This book provides an enlightening, representative account of how rappers talk about God in their lyrics—and why a sense of religion plays an intrinsic role within hip hop culture.
Why is the battle between good and evil a recurring theme in rap lyrics? What role does the devil play in hip hop? What exactly does it mean when rappers wear a diamond-encrusted "Jesus" around their necks? Why do rappers acknowledge God during award shows and frequently include prayers in their albums? Rap and Religion: Understanding the Gangsta's God tackles a sensitive and controversial topic: the juxtaposition—and seeming hypocrisy—of references to God within hip hop culture and rap music.
This book provides a focused examination of the intersection of God and religion with hip hop and rap music. Author Ebony A. Utley, PhD, references selected rap lyrics and videos that span three decades of mainstream hip hop culture in America, representing the East Coast, the West Coast, and the South in order to account for how and why rappers talk about God. Utley also describes the complex urban environments that birthed rap music and sources interviews, award acceptance speeches, magazine and website content, and liner notes to further explain how God became entrenched in hip hop.
- A bibliography of cited sources on rap music and hip hop culture
- An index of key terms and artists
- A discography of rap songs with religious themes
- Applies urban history to explain why rappers concurrently embrace God and rap about murder, misogyny, and mayhem without defending the oppressive aspects of the music
- Offers a representative sample of lyrics and videos with religious themes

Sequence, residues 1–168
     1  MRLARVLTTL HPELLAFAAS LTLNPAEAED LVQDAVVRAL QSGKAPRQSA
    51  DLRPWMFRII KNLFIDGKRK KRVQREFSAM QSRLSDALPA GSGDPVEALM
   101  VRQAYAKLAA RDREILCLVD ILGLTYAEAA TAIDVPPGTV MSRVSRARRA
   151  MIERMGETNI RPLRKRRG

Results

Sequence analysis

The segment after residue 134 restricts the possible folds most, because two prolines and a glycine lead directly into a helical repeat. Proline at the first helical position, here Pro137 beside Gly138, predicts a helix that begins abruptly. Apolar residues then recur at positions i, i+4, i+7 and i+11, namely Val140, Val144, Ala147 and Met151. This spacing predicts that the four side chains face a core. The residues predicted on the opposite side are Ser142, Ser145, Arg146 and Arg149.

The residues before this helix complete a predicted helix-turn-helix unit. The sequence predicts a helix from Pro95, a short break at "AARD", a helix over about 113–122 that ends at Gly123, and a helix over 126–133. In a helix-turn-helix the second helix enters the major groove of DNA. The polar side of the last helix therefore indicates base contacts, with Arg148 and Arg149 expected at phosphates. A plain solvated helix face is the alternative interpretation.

- Covers all genres of rap from each distinct region from the 1990s through the 2010s
- Devotes an entire chapter to women and their relationship to God
"Rap and Religion is a compelling read. It will provoke the reader to examine their attitude to a genre that arguably has hegemony in popular culture. Utley vividly describes some of the video footage referred to, enabling the reader to follow the line of academic argument. But there are times when you will simply need to ‘‘YouTube’’ a track. Utley enables the reader to recognize that the Hip Hop genre has reinterpreted a Jesus with a strong survival/elevation ethic as opposed to a liberation ethic, helping the gangsta 'to make it through' and embrace success. An outstanding book and a must-read for every academic and practitioner serious about engaging popular culture in an urban context."
"Utley . . . presents a unique study of the cultural and sociological context in which religion and hard-edged rap intersect, mainly from the mid 1990s to the present. Also, the book's laid-back prose offers a quick read. . . . Summing Up: Recommended."
"The intellectual range with which Utley explores the spiritual contours of rap and hip hop are perhaps only matched by the vocalic range of the lyricism she examines. In this fascinating, thought-provoking, experience-driven, and often encyclopedic journey through hip hop's multifaceted legacies, Utley makes a compelling case about rap and hip hop's spiritual relevance, leaving us both breathless and re-energized."
"Hip hop has not abandoned Jesus they have reinterpreted Jesus. Utley has done for us in this book what James Cone did for us in The Spiritual and the Blues. Her book like Dr. Cones' book is destined to be a classic."
"This book is a must-read for anyone who has interests in popular culture, biblical interpretation, or theological ethics; as well as a whole generation who has done incredible self-reflection and self-revelation and packaged it as rap."
"Rap and Religion is elegant, compelling, and desperately needed. Utley’s bracing exploration of the godly and divine in rap music illuminates new, powerful, and poignant intersections between the politics of religion, race, gender, and commerce. A remarkable scholarly achievement, and a gift to hip hop fans everywhere."
"A close reading of mainstream hip hop lyrics and artists of the last three decades, Rap and Religion uncovers the place where God, spirituality, and Christianity meet. Hip hop aficionados have long proclaimed that hip hop is a culture. If this is true, what is its spiritual philosophy? Ebony Utley offers a persuasive answer."